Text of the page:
The final paragraph of this section (and chapter) is a rousing description of the Church's mission in a fallen world, notable for two slight curiosities. The first is a rather odd translation of a variant reading of Luke 4.18; odd because contrition would not normally be considered a condition in need of healing, and the basic meaning of the word is crushed. The second is the formula “at the same time holy and always in need of being purified,” reminiscent of Luther’s simul justus et peccator, though Luther applied it to the individual Christian and here it is applied to the body of the Church.

9. (Chapter II) This chapter begins well enough but begins to weaken in the third paragraph. It is not clear precisely what is meant by “those means which befit it (the Church) as a visible and social union.” but how visible is the union of “all those who in faith look upon Jesus as the author of salvation...”? Here, the entire ecumenical problem becomes apparent, though the authors appear not to notice. For if “all those who in faith look upon Jesus as the author of salvation...” are “established... as the Church that for each and all it may be the visible sacrament of this saving unity” how can it be that “This Church constituted and organized in the world as a society, subsists in the Catholic Church, which is governed by the successor of Peter and by the Bishops in communion with him, although many elements of sanctification and of truth are found outside of its visible structure” (L.G. 8)? For if all Christians constitute the Church as a visible sign it is not possible that the Church can subsist only in a subset of Christians, with others beyond its visible union. Either the union is visible or it is not. Either the Church must be defined as one group or another. Otherwise, it becomes impossible to mount a consistent argument, and without a consistent argument it becomes impossible to reach a meaningful conclusion.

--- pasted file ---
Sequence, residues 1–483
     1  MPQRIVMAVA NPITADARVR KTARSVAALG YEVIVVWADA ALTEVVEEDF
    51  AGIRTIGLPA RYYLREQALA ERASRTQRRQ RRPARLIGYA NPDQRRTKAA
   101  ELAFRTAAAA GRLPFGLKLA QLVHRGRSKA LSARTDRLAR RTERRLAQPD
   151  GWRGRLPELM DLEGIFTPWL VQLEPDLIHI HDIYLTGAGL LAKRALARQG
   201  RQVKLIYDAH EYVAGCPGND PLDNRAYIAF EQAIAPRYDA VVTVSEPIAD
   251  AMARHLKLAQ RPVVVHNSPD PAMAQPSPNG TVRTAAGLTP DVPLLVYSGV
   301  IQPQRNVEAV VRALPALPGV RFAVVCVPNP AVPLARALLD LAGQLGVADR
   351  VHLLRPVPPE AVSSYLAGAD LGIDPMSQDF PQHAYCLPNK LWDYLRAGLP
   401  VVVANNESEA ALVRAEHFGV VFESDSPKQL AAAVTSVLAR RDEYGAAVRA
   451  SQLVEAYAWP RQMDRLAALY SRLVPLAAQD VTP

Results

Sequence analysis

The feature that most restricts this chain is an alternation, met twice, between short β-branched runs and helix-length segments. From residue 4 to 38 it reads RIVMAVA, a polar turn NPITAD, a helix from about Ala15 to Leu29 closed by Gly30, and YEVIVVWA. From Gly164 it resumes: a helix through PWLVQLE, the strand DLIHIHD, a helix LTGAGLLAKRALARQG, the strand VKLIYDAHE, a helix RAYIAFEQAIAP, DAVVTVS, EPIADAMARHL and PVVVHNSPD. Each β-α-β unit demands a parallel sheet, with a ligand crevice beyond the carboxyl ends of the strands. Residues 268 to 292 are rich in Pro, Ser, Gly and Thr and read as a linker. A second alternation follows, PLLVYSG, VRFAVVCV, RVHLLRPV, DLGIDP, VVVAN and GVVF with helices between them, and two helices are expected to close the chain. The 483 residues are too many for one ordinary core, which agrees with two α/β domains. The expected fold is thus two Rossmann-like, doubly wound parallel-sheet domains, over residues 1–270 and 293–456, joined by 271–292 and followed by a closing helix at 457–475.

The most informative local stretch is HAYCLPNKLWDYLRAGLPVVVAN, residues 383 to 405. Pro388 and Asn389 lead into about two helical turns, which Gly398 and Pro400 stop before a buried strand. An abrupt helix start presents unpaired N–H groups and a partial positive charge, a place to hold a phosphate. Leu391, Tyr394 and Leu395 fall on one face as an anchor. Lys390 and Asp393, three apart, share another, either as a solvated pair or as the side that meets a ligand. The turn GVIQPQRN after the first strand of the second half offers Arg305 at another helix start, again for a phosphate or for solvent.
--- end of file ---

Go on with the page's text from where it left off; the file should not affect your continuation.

The authors claim that “the Church is strengthened by the power of God's grace, which was promised to her by the Lord” but no reference is given to justify that claim. Jesus did promise the Holy Spirit (Mk 13.11, Lk 11.13, 12.12, Jn 14.17, 14.26, 15.26, 16.13, 20.22, Acts 1.5,8) and power is sometimes associated with that promise (Lk 24.49, Acts 1.8) but there is no mention in this context of grace. Indeed, Jesus seems never to have used the word. Are we to assume, then, that God’s grace is a reference to the Holy Spirit, or is something else intended?

Whatever it means, the claim that this grace guarantees unwavering fidelity needs evidence, particularly when it is acknowledged that the Church is made up of fallible human beings who do not always behave well.

10. It is important to bear in mind the distinction between the Greek words hieros (a cultic practitioner responsible for receiving and presenting sacrifices) and presbyteros (elder, i.e. community leader). Sadly, English has only one word (a corruption of presbyteros) which is pressed into service for the hieratic function also. This confuses the issue and the authors, by failing to mention it, have missed a great opportunity to clarify the position. There should be no question of confusing the hieratic rank to which all the baptised have been raised with the leadership rôle discharged by the “ministerial or hierarchical priesthood”. The two functions are indeed different “in essence and not only in degree”, because they are derived from totally different concepts, but the authors, whilst stating the fact, nonetheless blur the distinction by using the same word, priest, for both and describing the ministerial priesthood as “hierarchical”. The leadership structure of the Christian Church is not a hierarchy in the strict sense of the word. It is a presbyterarchy or (better) an episcoparchy, for the title of a senior Christian leader is not “High Priest” (archieros) but Archbishop (archiepiscopos [chief overseer]).

One consequence of playing down this distinction is that language comparing the Eucharist to a sacrifice is taken beyond mystical analogy to an excessive literalism, with the result that the mystery is diminished in depth.

It is plain common sense that Christian worship should, wherever possible, be led by a recognised leader (i.e. a priest) and that the most central act of Christian devotion, in which we share in the body and blood of our Lord (I Cor 10.16) and therefore do, in some real way, enter anew into his passion which we call to mind both before ourselves and all witnesses (c.f. I Cor 11.26) both in Heaven and on Earth, should be presided over by a responsible elder. Otherwise the danger would be increased of an insensitive or casual approach, failing to appreciate the weight and nature of the event, and endangering both the witness of the community and the participants themselves (c.f. I Cor 11.27-29).